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New Civil War Trails marker dedicated in Bluff City

J. H. Osborne • Jan 20, 2017 at 9:00 PM

BLUFF CITY — In early November of 1861, five railroad bridges between Northeast Tennessee and Chattanooga were burned. That was four short of the original nine targeted in a plot devised by Union sympathizers — with approval and funding from the federal government.

The concept was to disrupt the rail-based supply line of the Confederacy. Union Gen. William T. Sherman ultimately decided to call the plan off, but that message didn’t reach all the men waiting to burn the bridges. And that is how the East Tennessee & Virginia Railroad bridge over the Holston River at what is now Bluff City went up in flames.

Today, the bridge’s large stone piers remain. Until last weekend, if you were new to the area or just passing through, you’d have no way of knowing that story unless you stopped and asked someone. Tourists traveling through the region wouldn’t have known to come looking here for that bit of history.

Thanks to 16-year-old Lucas Triplett, the story now is told on a Civil War Trails marker located at Bluff City’s Riverfront Park. Triplett designed the sign, wrote the narrative, and suggested its location — giving its readers a clear line of sight to the old bridge piers — to Civil War Trails officials and the Bluff City Board of Mayor and Aldermen.

Triplett completed the project as work toward Eagle Scout status with the Boy Scouts of America.

A dedication and ribbon-cutting ceremony for the marker was held Friday.

Triplett thanked all of the officials who helped him along the way as well as his scout masters and fellow Boy Scouts Luke Herndon and Lucas McCraw, who helped construct the marker’s shelter.

“I chose this project because I believe history needs to be preserved and preserved accurately,” Triplett said. “And I felt like I could make a difference with this. Earlier today we inguarurated our 45th president of the United States. This is an opportunity to look ahead at the future, with hope and enthusiasm — and look back at the past and reflect on what happened.”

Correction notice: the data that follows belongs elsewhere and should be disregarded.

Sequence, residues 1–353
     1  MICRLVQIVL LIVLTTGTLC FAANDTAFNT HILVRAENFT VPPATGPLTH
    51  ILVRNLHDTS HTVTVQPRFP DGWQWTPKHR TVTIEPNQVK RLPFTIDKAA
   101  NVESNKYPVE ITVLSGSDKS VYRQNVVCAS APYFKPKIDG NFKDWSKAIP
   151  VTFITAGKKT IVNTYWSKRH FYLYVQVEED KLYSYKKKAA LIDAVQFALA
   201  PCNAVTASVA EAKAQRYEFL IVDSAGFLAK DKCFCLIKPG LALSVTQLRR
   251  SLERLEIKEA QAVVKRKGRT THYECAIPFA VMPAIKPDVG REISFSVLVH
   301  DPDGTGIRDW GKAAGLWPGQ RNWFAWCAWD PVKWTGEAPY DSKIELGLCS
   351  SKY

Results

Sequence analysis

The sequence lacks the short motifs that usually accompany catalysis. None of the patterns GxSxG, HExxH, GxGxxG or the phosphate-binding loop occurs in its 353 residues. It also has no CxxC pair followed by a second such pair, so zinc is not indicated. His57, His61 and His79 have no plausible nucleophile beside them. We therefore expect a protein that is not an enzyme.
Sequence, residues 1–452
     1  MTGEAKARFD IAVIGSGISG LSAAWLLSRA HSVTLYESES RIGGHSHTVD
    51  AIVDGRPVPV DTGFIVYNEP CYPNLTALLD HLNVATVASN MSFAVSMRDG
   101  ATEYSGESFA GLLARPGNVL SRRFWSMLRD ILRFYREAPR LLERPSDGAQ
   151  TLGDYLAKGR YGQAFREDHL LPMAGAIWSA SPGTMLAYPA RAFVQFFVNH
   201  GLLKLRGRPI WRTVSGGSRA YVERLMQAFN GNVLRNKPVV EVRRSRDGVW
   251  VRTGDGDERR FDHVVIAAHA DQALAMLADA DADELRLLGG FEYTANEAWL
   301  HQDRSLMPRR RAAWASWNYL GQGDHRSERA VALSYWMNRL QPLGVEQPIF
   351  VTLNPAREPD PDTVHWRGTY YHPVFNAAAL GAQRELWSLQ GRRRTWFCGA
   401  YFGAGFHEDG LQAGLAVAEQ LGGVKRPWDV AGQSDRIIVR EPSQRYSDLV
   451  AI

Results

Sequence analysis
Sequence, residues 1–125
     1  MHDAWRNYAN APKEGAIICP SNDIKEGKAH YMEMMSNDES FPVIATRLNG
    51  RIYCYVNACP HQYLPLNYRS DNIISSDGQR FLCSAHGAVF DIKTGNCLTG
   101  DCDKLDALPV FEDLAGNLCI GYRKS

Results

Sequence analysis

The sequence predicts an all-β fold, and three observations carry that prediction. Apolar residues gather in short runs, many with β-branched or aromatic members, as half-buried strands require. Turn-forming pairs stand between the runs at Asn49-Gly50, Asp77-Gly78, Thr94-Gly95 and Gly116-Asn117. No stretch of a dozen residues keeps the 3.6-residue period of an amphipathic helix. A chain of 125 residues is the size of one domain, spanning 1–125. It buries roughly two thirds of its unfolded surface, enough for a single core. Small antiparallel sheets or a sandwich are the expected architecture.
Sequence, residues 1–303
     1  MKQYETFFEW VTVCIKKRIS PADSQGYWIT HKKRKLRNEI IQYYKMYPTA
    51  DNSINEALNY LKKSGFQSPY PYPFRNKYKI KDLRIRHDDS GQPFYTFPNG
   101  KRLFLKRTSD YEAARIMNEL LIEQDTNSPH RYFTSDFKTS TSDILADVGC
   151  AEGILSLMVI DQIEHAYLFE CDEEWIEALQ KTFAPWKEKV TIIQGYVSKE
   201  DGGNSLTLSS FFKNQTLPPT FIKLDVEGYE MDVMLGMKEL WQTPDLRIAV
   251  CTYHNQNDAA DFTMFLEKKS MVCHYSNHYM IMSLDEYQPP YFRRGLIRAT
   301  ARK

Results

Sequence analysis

Drew Gruber is director of the Civil War Trails program, which he said now covers five states, 1,550 sites, and includes 620,000 square miles — a feat he thinks should qualify the program as the “largest open-air museum in the world.”

“Tourism, and especially history, is alive and well here in Tennessee,” Gruber said, noting that the “Burning Bridges” marker designed and put in place thanks to Triplett’s efforts is the 378th such marker in the state.

The Civil War Trails program has an extensive marketing campaign, providing maps of markers to tourists in general and particularly to those seeking information on Civil War sites.

“Thanks to this boy here today, Bluff City is now on those maps that make their way to AAA centers, to individuals who request information about Civil War sites, to Japan, Germany, France and all through Europe,” Gruber said. “They’re fascinated with the American Civil War.”

And the average age of visitors to Civil War Trails sites is close to Triplett’s age, Gruber said.

They might not even be driving yet, but they often drive their family’s choice of travel destinations or stops along the way.

“When they get to these sites, they want to experience something they can’t get at home. ... They want to experience a unique landscape — something they can’t get on the Internet. This is the future of tourism ... people Lucas’s age,” Gruber said. “Lucas has built for you a very beautiful interpretive sign that is very evocative. The first sentence makes you look up at the piers of the railroad bridge.”

With visitors comes economic impact, Gruber said.

Gruber said he and others with the program thought Triplett’s initial narrative for the marker would benefit by the addition of a photograph, so they added one and sent a mock-up to Lucas.

“He calls and says, ‘It’s a really great picture, but it’s the wrong bridge,’ ” Gruber said with a laugh. “That’s the dedication we got out of this young man and it’s quite impressive.”

Gruber said Civil War Trails markers are not meant to be commemorative. They don’t memorialize either side in the conflict.

“It is purely interpretive,” he said.

Bluff City Mayor Irene Wells said she and the rest of the BMA were impressed with Triplett from the get-go.

“We’re really excited about the dedication of the Civil War Trails marker,” Wells said. “He came to our board meeting last February to request that this monument be put down here at the boardwalk and pavilion area. He was very organized. Our board was very impressed with him. We are happy that the marker ended up here at our park.”

Sullivan County Department of Archives and Tourism Director Shelia Steele Hunt said Triplett visited the archives numerous times and was a top-notch researcher.

“He was very adamant about getting it right. I am very proud of him,” Hunt said.

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